‘Not a penny off the pay, not a minute on the day.‘ (MFGB, 1926)
In May, 1926, there was a general strike across Britain. This was in response to a move from coal mines to reduce miners’ wages by 10%-25%, whilst requiring them to work longer hours. In case readers are tempted to make comparisons with modern times, it’s important to realise that miners in 1920s Britain were poor to an extent we can barely comprehend. In 2006, Britons spent an average of 15% of their income on food; in the 1920s, this was closer to 40%. The strike officially lasted for a month, but many Cumbrian miners were unable to return to work until the following winter, and some never found employment again.
Some enterprising west Cumbrians found a way to cut a meagre path through disastrous times. The ‘pearl rush’ started when a London visitor to Ennerdale was noticed standing in the River Ehen, wearing waders and throwing pearl mussels onto the river bank. Enquiries revealed that he had paid for his Lake District holiday with the proceeds of pearl fishing.
Within a short period, the river was heaving with locals digging in the mud for shell fish, some even using glass-bottomed boxes to spot the best examples on the river bed. Just like the American gold rush, there were winners and losers; plenty of tales of weeks’-worth of work unrewarded, and the odd tale of whoppers being sold to Whitehaven jewellers for the massive sum of £4 or £5.
Cumbrian pearls hadn’t always been used for jewellery. Samuel Simpson remarked in 1746 that they were, ‘of all colours; those that are not bright and shining, commonly call’d Sand-Pearl, are as useful in Physick, as the finest, tho’ not so beautiful’. This is a very late mention of pearls as medicine. As early as the 13th century, the scholar, Albertus Magnus, recommended the ingestion of ground pearl for mental distress, love sickness, haemorrhages and dysentery. In a way, he wasn’t far off the mark with this remedy for stomach problems, as the pearl’s high calcium content would have made it the medieval equivalent of a packet of Rennies.
In fact, pearls contain fifteen amino acids, and ten micro elements; they are still licensed by the State Drug Administration in China for treatment of nervous conditions, poor eyesight and the prevention of convulsions.
‘Pearls of all the best colours – that is both red and purple, jacynth and green, but principally white.’ (Bede, 8th century)
The 1920s pearl rush wasn’t Cumbria’s first. Britain had been exporting pearls to the Roman world since before the invasion of 43CE and doubtless continued in a small way in the following centuries. The first, almost industrial-scale attempt to ‘mine’ the pearls came in the late 1500s, when Elizabeth I, who had developed an avaricious appreciation of the natural wealth of Cumbria1, made a gift of the valuable pearl-fishing rights in the River Irt to her admiral, Sir John Hawkins.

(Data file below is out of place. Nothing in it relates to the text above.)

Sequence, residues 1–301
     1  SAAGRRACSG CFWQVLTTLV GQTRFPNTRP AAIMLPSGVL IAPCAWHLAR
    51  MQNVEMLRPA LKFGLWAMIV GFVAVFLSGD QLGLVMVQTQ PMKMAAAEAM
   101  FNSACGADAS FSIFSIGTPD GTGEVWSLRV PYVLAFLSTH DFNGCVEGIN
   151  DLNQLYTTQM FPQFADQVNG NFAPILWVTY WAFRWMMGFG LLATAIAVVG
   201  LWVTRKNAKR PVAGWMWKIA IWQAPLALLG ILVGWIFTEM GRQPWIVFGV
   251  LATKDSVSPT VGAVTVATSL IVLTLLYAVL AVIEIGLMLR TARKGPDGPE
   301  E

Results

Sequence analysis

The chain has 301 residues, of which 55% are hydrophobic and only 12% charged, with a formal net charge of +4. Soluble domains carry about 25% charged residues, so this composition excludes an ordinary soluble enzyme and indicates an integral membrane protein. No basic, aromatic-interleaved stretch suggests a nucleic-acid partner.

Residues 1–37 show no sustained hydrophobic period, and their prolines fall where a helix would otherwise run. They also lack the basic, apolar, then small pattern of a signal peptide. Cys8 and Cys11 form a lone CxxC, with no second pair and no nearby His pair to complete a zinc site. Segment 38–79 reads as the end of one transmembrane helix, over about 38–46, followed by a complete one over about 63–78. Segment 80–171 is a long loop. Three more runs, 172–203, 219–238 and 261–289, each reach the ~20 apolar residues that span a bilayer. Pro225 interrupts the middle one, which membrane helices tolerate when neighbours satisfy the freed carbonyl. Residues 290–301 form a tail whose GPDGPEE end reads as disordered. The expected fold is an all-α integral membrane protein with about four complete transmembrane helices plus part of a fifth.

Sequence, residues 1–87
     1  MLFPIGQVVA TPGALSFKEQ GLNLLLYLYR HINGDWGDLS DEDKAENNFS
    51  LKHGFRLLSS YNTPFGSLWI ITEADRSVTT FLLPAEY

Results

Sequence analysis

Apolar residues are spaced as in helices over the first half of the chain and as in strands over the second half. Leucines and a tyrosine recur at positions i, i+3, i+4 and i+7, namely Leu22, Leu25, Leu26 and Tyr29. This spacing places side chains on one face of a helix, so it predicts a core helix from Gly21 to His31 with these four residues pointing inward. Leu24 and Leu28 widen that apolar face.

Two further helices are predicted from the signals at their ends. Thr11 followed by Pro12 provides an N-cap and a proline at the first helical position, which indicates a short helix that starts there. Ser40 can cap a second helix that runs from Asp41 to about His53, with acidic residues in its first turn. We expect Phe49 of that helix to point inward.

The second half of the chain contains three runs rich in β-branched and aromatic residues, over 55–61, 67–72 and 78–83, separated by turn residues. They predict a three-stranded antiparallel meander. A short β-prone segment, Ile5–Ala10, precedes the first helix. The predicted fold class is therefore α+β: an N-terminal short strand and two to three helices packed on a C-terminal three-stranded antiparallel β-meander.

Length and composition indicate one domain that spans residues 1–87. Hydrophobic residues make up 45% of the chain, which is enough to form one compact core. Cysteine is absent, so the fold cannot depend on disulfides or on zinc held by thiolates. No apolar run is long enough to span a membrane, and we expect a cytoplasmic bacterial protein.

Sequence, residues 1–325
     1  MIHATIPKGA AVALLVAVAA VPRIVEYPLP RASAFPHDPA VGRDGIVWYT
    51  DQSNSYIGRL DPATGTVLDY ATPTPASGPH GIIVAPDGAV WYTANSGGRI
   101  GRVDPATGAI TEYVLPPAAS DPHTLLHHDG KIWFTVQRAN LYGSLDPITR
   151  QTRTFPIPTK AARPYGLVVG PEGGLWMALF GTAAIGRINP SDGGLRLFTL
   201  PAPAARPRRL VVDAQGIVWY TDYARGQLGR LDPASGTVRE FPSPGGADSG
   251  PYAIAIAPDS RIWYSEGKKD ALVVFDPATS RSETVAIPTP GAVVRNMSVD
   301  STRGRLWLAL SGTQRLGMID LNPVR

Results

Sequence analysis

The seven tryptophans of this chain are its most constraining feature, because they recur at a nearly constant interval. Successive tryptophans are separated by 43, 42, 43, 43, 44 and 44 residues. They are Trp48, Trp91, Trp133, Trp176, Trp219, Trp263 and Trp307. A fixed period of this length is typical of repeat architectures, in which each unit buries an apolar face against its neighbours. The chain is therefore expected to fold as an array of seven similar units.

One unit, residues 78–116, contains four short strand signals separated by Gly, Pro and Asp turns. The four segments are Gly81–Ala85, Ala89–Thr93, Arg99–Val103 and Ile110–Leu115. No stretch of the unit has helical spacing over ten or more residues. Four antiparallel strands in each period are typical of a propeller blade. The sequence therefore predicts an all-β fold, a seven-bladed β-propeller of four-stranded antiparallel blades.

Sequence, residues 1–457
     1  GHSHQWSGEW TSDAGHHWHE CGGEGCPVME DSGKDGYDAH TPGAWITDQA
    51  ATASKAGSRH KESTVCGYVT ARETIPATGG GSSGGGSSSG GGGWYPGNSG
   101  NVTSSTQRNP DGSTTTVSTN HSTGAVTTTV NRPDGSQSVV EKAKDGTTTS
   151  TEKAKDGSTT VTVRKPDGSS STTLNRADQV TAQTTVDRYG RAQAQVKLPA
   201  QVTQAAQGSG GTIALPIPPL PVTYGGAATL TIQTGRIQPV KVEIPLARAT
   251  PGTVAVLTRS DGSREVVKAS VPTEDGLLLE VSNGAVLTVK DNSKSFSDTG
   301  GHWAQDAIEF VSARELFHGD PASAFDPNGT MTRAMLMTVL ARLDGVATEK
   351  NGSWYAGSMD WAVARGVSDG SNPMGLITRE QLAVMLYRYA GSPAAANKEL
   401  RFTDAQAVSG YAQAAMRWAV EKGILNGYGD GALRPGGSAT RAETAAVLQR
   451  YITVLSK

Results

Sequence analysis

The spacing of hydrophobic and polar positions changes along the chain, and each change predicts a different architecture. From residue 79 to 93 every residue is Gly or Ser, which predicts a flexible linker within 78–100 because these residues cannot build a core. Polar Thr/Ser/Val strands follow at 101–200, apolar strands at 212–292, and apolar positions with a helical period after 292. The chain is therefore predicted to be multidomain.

‘In this brook, the shell fish eagerly sucking in the dew conceive and bring forth pearls… the inhabitants gather up at low water, and the merchants buy them of the poor people for a trifle, but sell them to the jewellers at a good price.‘ (William Camden, late 16th century)
The mussel that produces the pearl, the Margaritifera margaritifera, can only take so much pummelling. They take twelve years to mature, and live for up to 120 years, but are soon depleted to virtual unsustainability by dredging. Hawkins’ pearl business may not have outlived him.
By 1692, the mussel population had built up enough for Thomas Patrickson of Ennerdale to establish the Company of Pearl Fishers to search the Rivers Ehen and Irt. It seems that the mussels had been stripped out again with a dozen or so years; by the early 18th century, the trade had virtually disappeared.
‘I enquired much for the pearl fishery… which was made a kind of bubble recently. But the country people, not even the fishermen, could give us no account of any such thing, nor is there any quantity of shell-fish to be found here in which pearls are found…’ (Daniel Defoe, 1726)
After another brief effort headed by a German, Moritz Ungar, in the 1860s, the mussels were seemingly abandoned as hard work for slim pickings, until a reporter for the West Cumberland Times happened upon a large bottle of pearls in the window of a jeweller’s shop in 18982. It appeared that local people still hunted the rivers in a small-scale way – and, of necessity, in secrecy, as the pearls should probably have been handed over to the landowner – even before the pearl-fishing craze spread to people from the coastal towns during the 1920s Great Strike. For all the poor town-dwelling mining families who benefitted from a lucky find or two, I wonder how many equally-poor rural people lost out on a side income that had been critical for centuries.
The River Ehen is now a Designated Special Area of Conservation (SAC), thanks to the pearl mussel. It has the largest population of juvenile mussels in England, and once again looks like a healthy environment for this rare creature. But be warned, fishing for them is illegal.
- She also commandeered the copper mines at Newlands, which occasionally also found gold and silver, and the profitable graphite mines in Borrowdale.
- For further reading, see Lore of the Lake Counties by FJ Carruthers (1975)